The discrepancy is most apparent in representations of rocket attacks by the Palestinians. Israel is represented as retaliating to, or being provoked by, rocket attacks in 52 instances, comprising 63 percent of all Israeli retaliations and 45 percent of all retaliation representations. This is four times the 13 instances in which rocket attacks are represented as retaliations.
This study demonstrates that the British press rejects a narrative of “occupation and resistance” in covering the conflict, but also largely rejects a “cycle of violence” narrative in which both sides are portrayed equally as initiators. Rather, the British press has adopted the Israeli narrative in which Palestinian violence constitutes “aggression” to which Israel “reacts.”
This underlying framework for understanding the conflict remains unquestioned, even where large numbers of Palestinian civilians are killed by Israeli “retaliation,” and it causes debate and potential criticism revolves around the “proportionality” of Israeli action.
This pattern of reporting tends to place the blame for even “disproportionate retaliation” on the Palestinians, because it allows Israel a “defense of provocation.” Indeed, the study revealed that there was even an instance in which the ethnic cleansing of Palestinians was portrayed as a “policy option” open to Israel “in response” to provocation.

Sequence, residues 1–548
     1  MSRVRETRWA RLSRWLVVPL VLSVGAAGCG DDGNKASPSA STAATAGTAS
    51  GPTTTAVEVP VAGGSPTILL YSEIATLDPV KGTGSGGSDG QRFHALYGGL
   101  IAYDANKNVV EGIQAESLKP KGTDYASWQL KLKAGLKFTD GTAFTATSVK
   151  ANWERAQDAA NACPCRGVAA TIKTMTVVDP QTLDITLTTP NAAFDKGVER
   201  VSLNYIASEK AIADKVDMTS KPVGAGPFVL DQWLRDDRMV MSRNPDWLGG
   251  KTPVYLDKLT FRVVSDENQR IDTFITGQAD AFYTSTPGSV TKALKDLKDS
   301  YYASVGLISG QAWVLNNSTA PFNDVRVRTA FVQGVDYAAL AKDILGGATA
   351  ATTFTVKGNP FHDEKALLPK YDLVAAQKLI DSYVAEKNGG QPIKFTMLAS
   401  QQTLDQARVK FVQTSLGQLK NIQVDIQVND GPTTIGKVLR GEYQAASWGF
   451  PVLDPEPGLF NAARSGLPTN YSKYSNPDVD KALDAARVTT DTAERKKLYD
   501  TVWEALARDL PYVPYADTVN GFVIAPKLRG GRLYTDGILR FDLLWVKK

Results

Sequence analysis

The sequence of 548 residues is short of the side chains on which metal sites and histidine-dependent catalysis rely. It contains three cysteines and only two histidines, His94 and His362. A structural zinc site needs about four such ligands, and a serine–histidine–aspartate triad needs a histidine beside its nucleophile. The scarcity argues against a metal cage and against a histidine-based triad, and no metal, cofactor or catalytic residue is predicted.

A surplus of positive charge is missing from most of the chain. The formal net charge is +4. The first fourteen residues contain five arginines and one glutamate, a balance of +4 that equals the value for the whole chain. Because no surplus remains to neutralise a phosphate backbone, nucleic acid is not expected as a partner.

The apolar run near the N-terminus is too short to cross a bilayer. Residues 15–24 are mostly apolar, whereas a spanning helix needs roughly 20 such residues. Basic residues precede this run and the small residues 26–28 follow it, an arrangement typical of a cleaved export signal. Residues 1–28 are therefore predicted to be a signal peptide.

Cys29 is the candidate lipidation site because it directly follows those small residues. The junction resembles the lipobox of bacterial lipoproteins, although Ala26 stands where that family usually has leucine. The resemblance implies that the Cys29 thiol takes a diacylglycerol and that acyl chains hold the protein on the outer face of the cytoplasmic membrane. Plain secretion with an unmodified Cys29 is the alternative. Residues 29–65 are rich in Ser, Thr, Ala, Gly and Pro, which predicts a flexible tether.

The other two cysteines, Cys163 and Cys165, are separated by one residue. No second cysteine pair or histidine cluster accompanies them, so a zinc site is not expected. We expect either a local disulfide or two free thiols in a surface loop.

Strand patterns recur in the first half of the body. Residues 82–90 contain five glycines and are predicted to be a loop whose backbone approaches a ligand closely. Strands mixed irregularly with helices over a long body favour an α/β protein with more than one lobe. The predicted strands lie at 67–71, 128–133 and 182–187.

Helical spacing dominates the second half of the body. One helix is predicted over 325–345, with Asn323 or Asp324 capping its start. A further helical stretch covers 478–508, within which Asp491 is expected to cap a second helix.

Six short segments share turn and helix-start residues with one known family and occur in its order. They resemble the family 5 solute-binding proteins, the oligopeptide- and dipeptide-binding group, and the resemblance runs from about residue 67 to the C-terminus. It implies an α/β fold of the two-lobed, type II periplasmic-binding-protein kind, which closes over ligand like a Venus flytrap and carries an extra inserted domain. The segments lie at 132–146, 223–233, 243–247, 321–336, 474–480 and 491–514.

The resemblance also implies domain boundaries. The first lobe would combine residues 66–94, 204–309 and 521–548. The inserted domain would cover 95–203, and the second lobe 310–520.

These trends were very much apparent in the coverage of Israel’s most recent invasion of Gaza. Blinded by the media blockade on Gaza, the British media nevertheless continued to perpetuate a narrative in which the Israeli operation, which killed more than 1,300 Palestinians, was a “response” to rocket attacks.
Consistent with the findings of the Arab Media Watch study, rocket attacks were the focus of the coverage, while the 18-month blockade was given comparatively little coverage, both as a violation of the cease-fire and as a factor in provoking rocket attacks.
Similarly, the Israeli raid of 4 November 2008, which killed six Hamas militants, was rarely mentioned or identified as the reason behind the renewal of rocket attacks, which had almost completely ceased by October 2008 (when only one mortar and one rocket were fired).
The results of the study also confirm similar tendencies in newspaper coverage of the Israeli-Palestinian conflict to those found by the Glasgow University Media Group in its study of BBC and ITV television coverage of the second intifada. That study found that Israel is shown as retaliating three to six times more often than the Palestinians.
A similar study of US network news coverage by the organization Fairness and Accuracy in Reporting found that the nightly news shows of ABC, CBS, and NBC represented Israel as “retaliating” in 79 percent of instances, while Palestinians were represented as retaliating in only nine percent of instances.
Download the full report [PDF]